Astronomers discover a spectacular star stream stretching between galaxies

The black streak is the newly discovered Giant Coma Stream. This line is ten times as long as our Milky Way and is located about 300 million light years away between galaxies (the yellow spots). Credit: William Herschel Telescope/Román et al

Astronomers have made an exciting discovery: a massive stream of stars, stretching far beyond any single galaxy.

This discovery, published in the journal Astronomy & Astrophysics, is a first-of-its-kind find, marking the largest star stream ever observed.

The journey to this discovery began with a modest 70-centimeter telescope in California, operated by astronomer Michael Rich.

The initial observations were intriguing enough to prompt further investigation using the larger 4.2-meter William Herschel telescope in Spain.

After careful image processing, the astronomers uncovered a faint but vast stream of stars, more than 10 times the length of our Milky Way galaxy.

Floating amidst a cluster of galaxies, this stream, named the Giant Coma Stream, does not seem to belong to any single galaxy.

Javier Román, the lead researcher from the University of Groningen in the Netherlands and the University of La Laguna in Spain, explains that this discovery was somewhat accidental.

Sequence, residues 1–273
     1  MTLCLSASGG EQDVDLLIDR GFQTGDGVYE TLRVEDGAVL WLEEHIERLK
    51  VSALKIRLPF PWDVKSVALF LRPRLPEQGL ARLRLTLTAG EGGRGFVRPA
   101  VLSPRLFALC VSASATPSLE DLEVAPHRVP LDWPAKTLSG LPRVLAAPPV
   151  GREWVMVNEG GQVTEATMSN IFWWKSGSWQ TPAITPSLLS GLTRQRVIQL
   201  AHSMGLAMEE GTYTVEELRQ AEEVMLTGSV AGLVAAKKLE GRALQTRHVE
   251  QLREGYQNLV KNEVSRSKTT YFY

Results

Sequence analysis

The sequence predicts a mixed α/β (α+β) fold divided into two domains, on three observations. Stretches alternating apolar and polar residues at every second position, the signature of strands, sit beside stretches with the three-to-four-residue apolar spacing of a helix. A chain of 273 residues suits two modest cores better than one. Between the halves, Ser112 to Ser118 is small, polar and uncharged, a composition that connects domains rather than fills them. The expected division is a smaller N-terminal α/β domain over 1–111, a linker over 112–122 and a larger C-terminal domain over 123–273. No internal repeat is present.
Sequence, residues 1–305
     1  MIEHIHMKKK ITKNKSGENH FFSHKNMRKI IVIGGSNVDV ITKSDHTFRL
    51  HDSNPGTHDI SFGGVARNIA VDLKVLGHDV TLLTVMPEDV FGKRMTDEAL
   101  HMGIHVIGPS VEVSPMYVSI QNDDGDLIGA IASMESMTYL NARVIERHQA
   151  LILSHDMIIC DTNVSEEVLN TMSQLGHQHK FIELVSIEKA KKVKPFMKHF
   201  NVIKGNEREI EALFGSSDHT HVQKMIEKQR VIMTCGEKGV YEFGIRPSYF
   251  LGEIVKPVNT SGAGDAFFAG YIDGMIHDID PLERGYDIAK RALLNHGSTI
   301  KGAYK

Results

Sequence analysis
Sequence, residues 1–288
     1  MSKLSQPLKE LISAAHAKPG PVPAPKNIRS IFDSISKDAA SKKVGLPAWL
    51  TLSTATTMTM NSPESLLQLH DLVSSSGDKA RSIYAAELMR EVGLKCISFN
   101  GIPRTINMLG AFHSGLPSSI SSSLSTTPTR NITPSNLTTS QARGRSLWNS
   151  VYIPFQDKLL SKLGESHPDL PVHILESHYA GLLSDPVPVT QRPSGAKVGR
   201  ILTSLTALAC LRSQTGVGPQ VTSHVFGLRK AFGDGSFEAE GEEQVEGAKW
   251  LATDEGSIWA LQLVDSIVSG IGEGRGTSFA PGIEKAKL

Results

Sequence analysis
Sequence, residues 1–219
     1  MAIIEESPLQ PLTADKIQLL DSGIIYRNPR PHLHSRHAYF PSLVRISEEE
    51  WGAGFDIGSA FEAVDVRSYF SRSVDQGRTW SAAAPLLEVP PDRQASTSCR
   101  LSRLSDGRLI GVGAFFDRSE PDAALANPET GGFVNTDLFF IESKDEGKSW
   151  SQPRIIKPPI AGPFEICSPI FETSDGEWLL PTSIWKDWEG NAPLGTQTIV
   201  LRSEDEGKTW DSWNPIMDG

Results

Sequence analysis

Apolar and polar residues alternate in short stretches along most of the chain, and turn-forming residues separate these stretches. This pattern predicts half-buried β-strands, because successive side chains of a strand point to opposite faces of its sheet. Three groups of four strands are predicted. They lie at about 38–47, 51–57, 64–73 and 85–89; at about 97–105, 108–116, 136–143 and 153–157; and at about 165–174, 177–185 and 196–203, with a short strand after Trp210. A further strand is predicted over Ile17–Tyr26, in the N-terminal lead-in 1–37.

The team was initially studying star halos around large galaxies when they stumbled upon the Giant Coma Stream.

The existence of such a stream is quite remarkable. It’s a delicate structure located in a chaotic environment where galaxies are constantly moving, sometimes attracting and sometimes repelling each other.

Reynier Peletier, a co-author from the University of Groningen, notes that while computer simulations have predicted such massive streams, this is the first time one has been observed.

With this discovery, astronomers anticipate finding more giant star streams, especially with the help of future telescopes like the 39-meter ELT (Extremely Large Telescope) and the Euclid space telescope.

The team’s ambitions don’t stop at just finding new streams. They’re especially excited about studying the Giant Coma Stream in more detail.

By observing individual stars within this stream, they hope to gather more information about dark matter, a mysterious substance that makes up a significant part of the universe’s mass but remains invisible and undetectable by conventional means.

The Coma Cluster, where this stream was found, is a well-known cluster of thousands of galaxies located about 300 million light-years away in the constellation Coma Berenices. It was in this cluster that Swiss astronomer Fritz Zwicky, in 1933, first proposed the existence of dark matter.

He observed that the galaxies in the cluster moved too quickly to be held together only by the visible matter. This led to the hypothesis of dark matter, an unseen force holding these galaxies together.

The discovery of the Giant Coma Stream not only adds a new chapter to our understanding of the cosmos but also highlights the continual surprises and mysteries of our universe, waiting to be unraveled by the curious eyes of astronomers.

Source: KSR.